Laslo Benedek’s 1953 film was one of the most controversial of its era, as it was released in the time of a ‘moral panic’.  Post war American and British teenagers alarmed their elders in a way that was probably unprecedented and from which we still see some of the ripples in popular culture today. 

The 1950s was a time of profound social change and the experience of what it meant to be young was transformed, as many of the old certainties and habits disappeared in the new consumer age.  Indeed, the notion of the ‘teenager’, with his or her own clothes, music and interests, was largely a post war creation.  Before 1939, broadly speaking, each generation dressed in a largely similar fashion, listened to the same kind of music, went to the same pubs, music halls and so on. 

After the end of the Second World War, however, cultural change picked up pace and the newly affluent teens, with increasing time and money on their hands demanded more out of life than their parents had, and rejected many of the old habits and styles.  This new air of liberation sometimes expressed itself as an antisocial rebelliousness that turned into outright hooliganism and violence at dance halls playing the newly popular ‘Rock and Roll’ music.

In England the ‘Teddy Boys’ were the most visible and alarming expression of the new youth culture, with their distinctive dress style and apparent willingness to fight and brandish knives.  In America disaffected soldiers who found life tough after returning from the European conflict formed their own subcultural groups, such as ‘Greasers’ and the ‘Hells Angels Motorcycle Club’.  It was the latter that inspired and informed The Wild One and made its star, Marlon Brando, a popular icon of his time, along with James Dean and Marilyn Monroe. 

Brando, as Johnny Strabler, leads the Black Rebels Motorcycle Club into a peaceful American town, and terrorises the inhabitants with their machismo antics and disaffected attitudes.  The film was inspired by a real news story from 1947 when possibly three thousand or more motorcyclists descended on the small Californian town of Hollister and reportedly ran amok for three days (see Hunter S. Thompson’s book ‘Hell’s Angels’ for a fuller description of events).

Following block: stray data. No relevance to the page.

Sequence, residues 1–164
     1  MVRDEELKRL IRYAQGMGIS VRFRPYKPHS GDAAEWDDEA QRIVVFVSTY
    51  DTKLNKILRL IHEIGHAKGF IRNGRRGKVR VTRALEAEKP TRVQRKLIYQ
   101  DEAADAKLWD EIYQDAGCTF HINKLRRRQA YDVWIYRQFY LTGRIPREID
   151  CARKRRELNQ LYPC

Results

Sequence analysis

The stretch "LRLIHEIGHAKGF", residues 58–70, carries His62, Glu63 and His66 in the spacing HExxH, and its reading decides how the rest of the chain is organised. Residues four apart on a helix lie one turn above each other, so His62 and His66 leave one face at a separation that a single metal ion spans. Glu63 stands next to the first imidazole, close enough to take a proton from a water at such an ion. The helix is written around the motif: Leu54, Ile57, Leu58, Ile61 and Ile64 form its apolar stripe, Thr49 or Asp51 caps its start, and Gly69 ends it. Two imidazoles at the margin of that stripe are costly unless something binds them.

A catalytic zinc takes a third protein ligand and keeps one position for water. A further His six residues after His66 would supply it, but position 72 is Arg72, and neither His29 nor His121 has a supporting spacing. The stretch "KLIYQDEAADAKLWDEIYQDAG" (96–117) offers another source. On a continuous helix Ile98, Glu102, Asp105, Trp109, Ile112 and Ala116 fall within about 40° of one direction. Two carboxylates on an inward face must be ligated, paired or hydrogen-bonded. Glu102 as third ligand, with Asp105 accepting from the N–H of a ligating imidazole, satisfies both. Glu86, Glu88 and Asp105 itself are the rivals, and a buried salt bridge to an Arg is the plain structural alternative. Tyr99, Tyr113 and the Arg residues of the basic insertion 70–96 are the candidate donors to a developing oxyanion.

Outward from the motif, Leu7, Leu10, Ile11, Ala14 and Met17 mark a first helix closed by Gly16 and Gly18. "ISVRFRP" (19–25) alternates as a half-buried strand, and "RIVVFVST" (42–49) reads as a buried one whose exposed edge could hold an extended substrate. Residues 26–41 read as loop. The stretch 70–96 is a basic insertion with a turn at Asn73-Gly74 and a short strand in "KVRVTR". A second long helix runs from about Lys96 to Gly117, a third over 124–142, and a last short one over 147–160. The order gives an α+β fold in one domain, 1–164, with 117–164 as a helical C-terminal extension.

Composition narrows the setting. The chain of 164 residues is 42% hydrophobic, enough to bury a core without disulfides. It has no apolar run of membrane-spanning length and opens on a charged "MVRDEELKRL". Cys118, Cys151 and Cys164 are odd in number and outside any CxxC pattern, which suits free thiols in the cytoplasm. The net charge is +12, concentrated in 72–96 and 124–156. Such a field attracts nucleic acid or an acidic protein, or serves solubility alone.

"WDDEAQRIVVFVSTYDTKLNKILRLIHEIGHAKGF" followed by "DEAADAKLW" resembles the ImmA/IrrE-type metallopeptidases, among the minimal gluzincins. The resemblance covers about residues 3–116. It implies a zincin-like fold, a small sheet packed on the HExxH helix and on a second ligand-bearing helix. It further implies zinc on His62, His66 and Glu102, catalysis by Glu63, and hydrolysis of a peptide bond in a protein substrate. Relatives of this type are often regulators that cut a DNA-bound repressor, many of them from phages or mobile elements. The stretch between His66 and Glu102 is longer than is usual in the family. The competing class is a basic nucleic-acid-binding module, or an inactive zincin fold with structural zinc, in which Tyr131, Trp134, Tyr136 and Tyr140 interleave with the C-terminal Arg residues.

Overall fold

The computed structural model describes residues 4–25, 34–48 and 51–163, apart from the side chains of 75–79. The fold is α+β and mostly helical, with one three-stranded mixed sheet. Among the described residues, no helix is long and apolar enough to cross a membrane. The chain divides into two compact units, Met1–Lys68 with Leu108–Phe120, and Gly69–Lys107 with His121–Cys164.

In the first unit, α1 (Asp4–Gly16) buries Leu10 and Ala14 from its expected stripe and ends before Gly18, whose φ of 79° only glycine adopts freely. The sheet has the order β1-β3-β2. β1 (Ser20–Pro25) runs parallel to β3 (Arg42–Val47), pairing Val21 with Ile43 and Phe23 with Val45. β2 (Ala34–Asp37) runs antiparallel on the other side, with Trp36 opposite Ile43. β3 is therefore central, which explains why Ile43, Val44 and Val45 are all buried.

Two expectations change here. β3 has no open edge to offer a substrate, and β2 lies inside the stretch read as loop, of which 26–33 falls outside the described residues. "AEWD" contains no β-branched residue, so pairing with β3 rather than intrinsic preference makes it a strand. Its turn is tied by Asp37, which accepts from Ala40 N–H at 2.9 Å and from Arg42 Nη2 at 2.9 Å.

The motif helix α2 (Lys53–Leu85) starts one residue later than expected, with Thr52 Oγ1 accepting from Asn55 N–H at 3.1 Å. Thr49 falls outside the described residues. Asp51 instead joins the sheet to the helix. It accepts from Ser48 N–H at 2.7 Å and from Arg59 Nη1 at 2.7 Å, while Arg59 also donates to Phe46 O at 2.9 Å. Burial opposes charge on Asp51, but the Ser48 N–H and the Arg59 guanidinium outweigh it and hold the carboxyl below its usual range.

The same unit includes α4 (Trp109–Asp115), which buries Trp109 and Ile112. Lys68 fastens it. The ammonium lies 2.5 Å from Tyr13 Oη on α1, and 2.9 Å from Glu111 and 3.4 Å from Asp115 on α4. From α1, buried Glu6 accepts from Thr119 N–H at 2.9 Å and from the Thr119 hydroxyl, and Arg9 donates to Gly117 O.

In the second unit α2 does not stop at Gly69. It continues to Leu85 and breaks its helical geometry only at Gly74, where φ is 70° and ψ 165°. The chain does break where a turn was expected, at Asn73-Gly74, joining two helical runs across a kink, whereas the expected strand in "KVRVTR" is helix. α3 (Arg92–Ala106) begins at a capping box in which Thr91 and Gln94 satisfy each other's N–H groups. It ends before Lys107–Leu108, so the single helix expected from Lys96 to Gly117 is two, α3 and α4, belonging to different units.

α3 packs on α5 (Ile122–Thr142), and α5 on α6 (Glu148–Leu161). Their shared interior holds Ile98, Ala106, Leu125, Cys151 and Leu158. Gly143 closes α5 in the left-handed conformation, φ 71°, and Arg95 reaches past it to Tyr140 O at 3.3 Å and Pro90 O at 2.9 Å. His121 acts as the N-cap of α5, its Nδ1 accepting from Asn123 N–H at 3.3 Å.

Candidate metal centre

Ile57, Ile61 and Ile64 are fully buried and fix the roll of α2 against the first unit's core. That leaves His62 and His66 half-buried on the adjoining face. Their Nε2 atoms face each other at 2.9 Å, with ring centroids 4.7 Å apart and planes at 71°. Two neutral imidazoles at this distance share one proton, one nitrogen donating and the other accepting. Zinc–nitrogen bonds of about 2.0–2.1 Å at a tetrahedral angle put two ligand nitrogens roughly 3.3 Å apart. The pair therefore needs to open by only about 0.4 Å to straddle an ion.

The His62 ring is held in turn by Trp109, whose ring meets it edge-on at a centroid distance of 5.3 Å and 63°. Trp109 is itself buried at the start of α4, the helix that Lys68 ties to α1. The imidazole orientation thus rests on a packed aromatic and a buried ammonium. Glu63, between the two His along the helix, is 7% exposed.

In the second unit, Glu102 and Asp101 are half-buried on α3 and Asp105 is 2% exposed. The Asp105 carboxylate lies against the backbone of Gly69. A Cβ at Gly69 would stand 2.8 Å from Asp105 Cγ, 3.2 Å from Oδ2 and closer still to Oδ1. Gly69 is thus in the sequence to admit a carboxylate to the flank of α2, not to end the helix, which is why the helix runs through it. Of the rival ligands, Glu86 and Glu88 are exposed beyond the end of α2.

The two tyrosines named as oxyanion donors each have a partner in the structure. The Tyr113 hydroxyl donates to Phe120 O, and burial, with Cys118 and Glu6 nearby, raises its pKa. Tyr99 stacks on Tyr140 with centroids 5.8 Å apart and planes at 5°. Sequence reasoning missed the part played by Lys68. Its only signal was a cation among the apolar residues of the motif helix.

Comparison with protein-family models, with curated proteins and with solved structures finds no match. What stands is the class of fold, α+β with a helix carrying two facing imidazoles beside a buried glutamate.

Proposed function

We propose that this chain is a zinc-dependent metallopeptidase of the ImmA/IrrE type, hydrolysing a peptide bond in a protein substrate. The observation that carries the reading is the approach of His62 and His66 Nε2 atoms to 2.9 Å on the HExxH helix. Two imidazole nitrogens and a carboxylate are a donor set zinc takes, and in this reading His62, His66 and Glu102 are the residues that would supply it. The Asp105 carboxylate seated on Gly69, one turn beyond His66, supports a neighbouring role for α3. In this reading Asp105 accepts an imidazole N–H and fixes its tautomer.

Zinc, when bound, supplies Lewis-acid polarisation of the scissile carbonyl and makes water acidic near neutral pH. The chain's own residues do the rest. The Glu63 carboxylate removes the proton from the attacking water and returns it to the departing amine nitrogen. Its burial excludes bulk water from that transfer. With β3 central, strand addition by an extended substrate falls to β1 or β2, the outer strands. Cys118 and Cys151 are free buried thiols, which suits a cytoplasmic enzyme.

One of the film’s most famous scenes features Brando looking on insouciantly as gang members dance to a juke box in a diner they have taken over. ‘What are you rebelling against Johnny?’ a girl asks him.  ‘Waddaya got?’ drawls the handsome young star. It was such apparently antisocial and nihilistic attitudes that thrilled young audiences and appalled their elders.

The film was banned by the BBFC upon its release here and remained so (except for screenings in film societies where local councils overturned the BBFC’s decision) until 1967 when it was released with an X certificate (suitable for 16 year olds and above). 

The initial ban was prompted mostly by a fear that the very real problem of burgeoning juvenile delinquency, and a seemingly increasing lack of respect for authority, could only be aggravated by young people seeing this film. 

The formal letter of rejection states that the BBFC was of the opinion that the film presents a “spectacle of unbridled hooliganism… with no more than a mild censure from a police officer, would be likely to exert a harmful influence in that very quarter about which anxiety is felt and would expose the Board to justifiable criticism for certificating a film so potentially dangerous on social grounds”.  The proliferation of youth styles and subcultures in the 1960s and pitched battles between Mods and Rockers did little to ease the fears of British society, and the BBFC remained cautious in its approach to The Wild One for over a decade, until its fashions and attitudes were seen as too dated to appeal to the new generation of would-be juvenile delinquents. 

In the meantime, Columbia Pictures and the director of the film worked hard at getting the ban rescinded, looking in turn at cuts, amendments (including a new ending with Johnny and his gang being sentenced in court) and justifications for the film’s content. Benedek stated in print that he regretted the BBFC banning the film here, and that “somewhere my collaborators and I have not succeeded in convincing those guardians of the British way of life of the sincerity of our purpose”. 

It was passed PG on video in 1988, where it sits today on DVD.  By today’s standards the film appears quite tame, and it is fairly obvious that its inherent ‘message’ is that people such as Johnny and his ilk turn to gangs as a surrogate family and that society needs to embrace them, rather than push them further into the margins. It is a debate that troubles us still.